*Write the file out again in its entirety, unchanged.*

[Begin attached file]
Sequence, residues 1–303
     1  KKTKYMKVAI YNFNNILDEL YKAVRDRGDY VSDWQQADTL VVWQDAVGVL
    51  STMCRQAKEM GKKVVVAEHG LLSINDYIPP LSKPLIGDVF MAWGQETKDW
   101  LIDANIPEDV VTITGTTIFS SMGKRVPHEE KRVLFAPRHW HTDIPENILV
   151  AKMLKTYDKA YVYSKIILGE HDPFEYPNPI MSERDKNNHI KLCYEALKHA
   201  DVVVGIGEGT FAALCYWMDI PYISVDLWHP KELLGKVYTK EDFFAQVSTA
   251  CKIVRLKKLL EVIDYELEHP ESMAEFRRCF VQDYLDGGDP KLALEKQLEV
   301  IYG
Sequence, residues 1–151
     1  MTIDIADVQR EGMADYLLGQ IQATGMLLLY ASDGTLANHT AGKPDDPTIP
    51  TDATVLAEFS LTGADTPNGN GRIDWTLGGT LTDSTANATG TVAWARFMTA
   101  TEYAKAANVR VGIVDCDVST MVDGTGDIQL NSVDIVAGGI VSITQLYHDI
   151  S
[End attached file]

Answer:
Sequence, residues 1–303
     1  KKTKYMKVAI YNFNNILDEL YKAVRDRGDY VSDWQQADTL VVWQDAVGVL
    51  STMCRQAKEM GKKVVVAEHG LLSINDYIPP LSKPLIGDVF MAWGQETKDW
   101  LIDANIPEDV VTITGTTIFS SMGKRVPHEE KRVLFAPRHW HTDIPENILV
   151  AKMLKTYDKA YVYSKIILGE HDPFEYPNPI MSERDKNNHI KLCYEALKHA
   201  DVVVGIGEGT FAALCYWMDI PYISVDLWHP KELLGKVYTK EDFFAQVSTA
   251  CKIVRLKKLL EVIDYELEHP ESMAEFRRCF VQDYLDGGDP KLALEKQLEV
   301  IYG
Sequence, residues 1–151
     1  MTIDIADVQR EGMADYLLGQ IQATGMLLLY ASDGTLANHT AGKPDDPTIP
    51  TDATVLAEFS LTGADTPNGN GRIDWTLGGT LTDSTANATG TVAWARFMTA
   101  TEYAKAANVR VGIVDCDVST MVDGTGDIQL NSVDIVAGGI VSITQLYHDI
   151  S